One further benefit of doing formalized testing of Vidtionary with students and teachers would be the chance for me to actually get a sense of how others see and interpret the videos. There are many aspects at play in the interpretative process. Viewers will have varying degrees of visual literacy, respond differently to certain types of edits or pacing of videos, prefer different modes of learning (thinking in terms of Gardner’s theory of multiple intelligences), and finally be impacted by their own unique social location. As sole creator of the videos, the videos created thus far will undoubtedly bear evidence of my own degree of visual literacy, preferred rhythm of editing, way of seeing and hearing, and socio-cultural perspective that owes itself to factors such as my race, gender, class, education, and geography. As creator, it would arguably be impossible for me to approach the creation of the videos without introducing subjectivity. Thus, I think it would be constructive to hear back from the audience and check how the videos have communicated or been received. While it is impossible for me to eliminate my own biases, it would be good to understand how they might enter in, and consider ways that they might be kept in check. The visually literate person asks how, where, why, when, and by whom a video is made. As a tool of visual literacy, the accompanying documentation of Vidtionary videos should provide the answers to these questions to the viewer.
While the videos I have done thus far all introduce English words, it would be interesting to explore the concept of Vidtionary with other languages. At the same time, as a language that spans the globe and is used in many different cultures, English is very much a language that takes on different nuances according to the places it is spoken. I think it could be very interesting to see Vidtionary become part of a dialogue about language and culture. This dialogue might lead myself and others to realize that many words depend upon culturally specific notions. An example would be a word such as ‘season,’ which contains a concept that shifts depending on one’s cultural and geographical background. In terms of other languages, we might find that a word in one language does not have a precise equivalent in another language. For instance, in Japanese, a green traffic signal is referred to as being blue.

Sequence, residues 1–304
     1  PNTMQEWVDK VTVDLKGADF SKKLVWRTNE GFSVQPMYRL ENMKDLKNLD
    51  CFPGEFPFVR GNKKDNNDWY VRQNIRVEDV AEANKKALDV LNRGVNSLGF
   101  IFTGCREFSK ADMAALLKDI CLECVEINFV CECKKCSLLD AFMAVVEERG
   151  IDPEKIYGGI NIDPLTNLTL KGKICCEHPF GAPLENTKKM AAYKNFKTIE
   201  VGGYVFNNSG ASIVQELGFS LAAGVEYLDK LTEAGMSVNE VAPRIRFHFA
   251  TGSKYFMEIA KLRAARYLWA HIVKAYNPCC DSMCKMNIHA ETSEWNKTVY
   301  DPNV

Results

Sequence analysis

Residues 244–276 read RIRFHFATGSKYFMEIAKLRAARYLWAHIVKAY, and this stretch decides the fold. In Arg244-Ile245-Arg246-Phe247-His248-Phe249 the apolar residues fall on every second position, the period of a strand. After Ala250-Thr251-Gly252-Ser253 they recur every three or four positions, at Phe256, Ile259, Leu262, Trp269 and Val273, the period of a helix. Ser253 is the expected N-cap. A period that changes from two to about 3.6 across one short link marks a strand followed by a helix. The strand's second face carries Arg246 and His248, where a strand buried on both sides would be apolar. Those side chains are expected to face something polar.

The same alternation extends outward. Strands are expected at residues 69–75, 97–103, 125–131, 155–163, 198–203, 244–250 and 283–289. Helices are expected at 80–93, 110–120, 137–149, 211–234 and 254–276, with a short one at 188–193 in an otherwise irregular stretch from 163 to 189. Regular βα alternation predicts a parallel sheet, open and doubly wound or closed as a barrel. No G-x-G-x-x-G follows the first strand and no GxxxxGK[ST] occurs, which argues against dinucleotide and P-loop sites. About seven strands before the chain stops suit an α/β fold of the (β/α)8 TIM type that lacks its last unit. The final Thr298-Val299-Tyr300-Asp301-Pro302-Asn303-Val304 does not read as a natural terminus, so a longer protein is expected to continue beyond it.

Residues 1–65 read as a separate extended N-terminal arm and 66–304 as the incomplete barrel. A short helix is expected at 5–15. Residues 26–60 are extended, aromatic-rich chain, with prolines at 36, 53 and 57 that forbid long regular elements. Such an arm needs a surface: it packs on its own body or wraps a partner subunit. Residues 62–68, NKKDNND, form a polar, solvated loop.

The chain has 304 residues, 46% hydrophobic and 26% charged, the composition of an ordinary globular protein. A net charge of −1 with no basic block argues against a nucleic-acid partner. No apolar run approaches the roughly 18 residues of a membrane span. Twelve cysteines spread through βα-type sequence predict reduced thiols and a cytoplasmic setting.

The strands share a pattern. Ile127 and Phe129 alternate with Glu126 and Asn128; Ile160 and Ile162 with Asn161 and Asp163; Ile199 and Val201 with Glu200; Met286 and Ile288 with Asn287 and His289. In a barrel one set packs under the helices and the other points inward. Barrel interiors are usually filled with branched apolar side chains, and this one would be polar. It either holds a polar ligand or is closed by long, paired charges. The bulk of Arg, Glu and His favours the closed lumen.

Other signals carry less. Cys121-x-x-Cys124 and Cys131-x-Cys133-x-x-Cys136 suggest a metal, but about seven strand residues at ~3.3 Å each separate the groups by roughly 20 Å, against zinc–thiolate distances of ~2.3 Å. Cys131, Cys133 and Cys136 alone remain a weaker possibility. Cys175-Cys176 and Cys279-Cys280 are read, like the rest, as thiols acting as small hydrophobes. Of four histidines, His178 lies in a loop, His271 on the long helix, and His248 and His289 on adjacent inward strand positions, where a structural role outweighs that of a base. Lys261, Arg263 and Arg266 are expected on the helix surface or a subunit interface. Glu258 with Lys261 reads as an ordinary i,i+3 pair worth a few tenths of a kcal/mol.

Looking into the future, I do not conceive of Vidtionary remaining a solo project, but the logistics and details of opening the project up to the contributions of others have yet to be determined. Working alone, there is a very real limit to how many videos I might be able to make. Thus, with the simple goal of increasing the number of entries in the video dictionary, opening up Vidtionary to other creators seems like a logical future step. Besides simply increasing the amount of videos, bringing on additional creators would have the added benefit of introducing other perspectives and ways of seeing besides my own. Before inviting others to contribute to Vidtionary, however, there are various concerns that should be addressed. First of all, a style and content guide should be made available for potential creators which outlines the criteria and expectations of a Vidtionary video. Second, technical problems need to be solved, such as how and where the videos might be uploaded. Along with this, I need to determine a screening or moderation process by which unsuitable videos might be screened before appearing on the website. Third, an organizational model, which addresses economic and other concerns, needs to be in place. If others are to create videos for Vidtionary, it would need to be clear whether their contributions are being profited from and how they might be distributed thereafter. Whether it grows into a for-profit or non-profit enterprise, Vidtionary will have to adopt an organizational model that allows it to grow and sustain itself. As Vidtionary evolves from an individual project into an organization involving other people, I imagine numerous other issues will arise.
Even with the help of others, the idea of creating a video dictionary of the English language remains a mammoth task. It would be worthwhile to think about how the lexicon it presents could be broken down into smaller increments. Thus far, the choice of words I have created videos for has been quite unsystematic. Most of the words are unrelated to one another. It would be worth considering which words, or types of words, best lend themselves to presentation in a video format. Certain words would not lend themselves to being clearly elucidated by visual means, while other words might simply be expressed in a still image. Vidtionary seems best suited for words that reflect states of physical change or transformation over time, such as verbs expressing physical motion. By focusing on certain types of words, the task might become more manageable. Vidtionary might become a mini-dictionary for a certain type of word, and as such become something rather more than the tip of an iceberg. In terms of teacher’s lesson planning, a more systematic approach to the selection of Vidtionary words could also be beneficial. When Vidtionary can assemble small collections of related words, teachers might be able to integrate it into a lesson plan. Similarly, in elementary school curriculum, there is often prescribed vocabulary for certain grade levels. Were Vidtionary able to include videos for many of the most basic, primary-level words, it would certainly become more practical for classroom-use. As I stated in the literature review, I have not yet delved far into the field of linguistics – doing so would make me more aware of lexical networks. The Vidtionary project would likely benefit by following certain lexical networks, in turn adopting a more systematic approach better lending itself to lesson plans.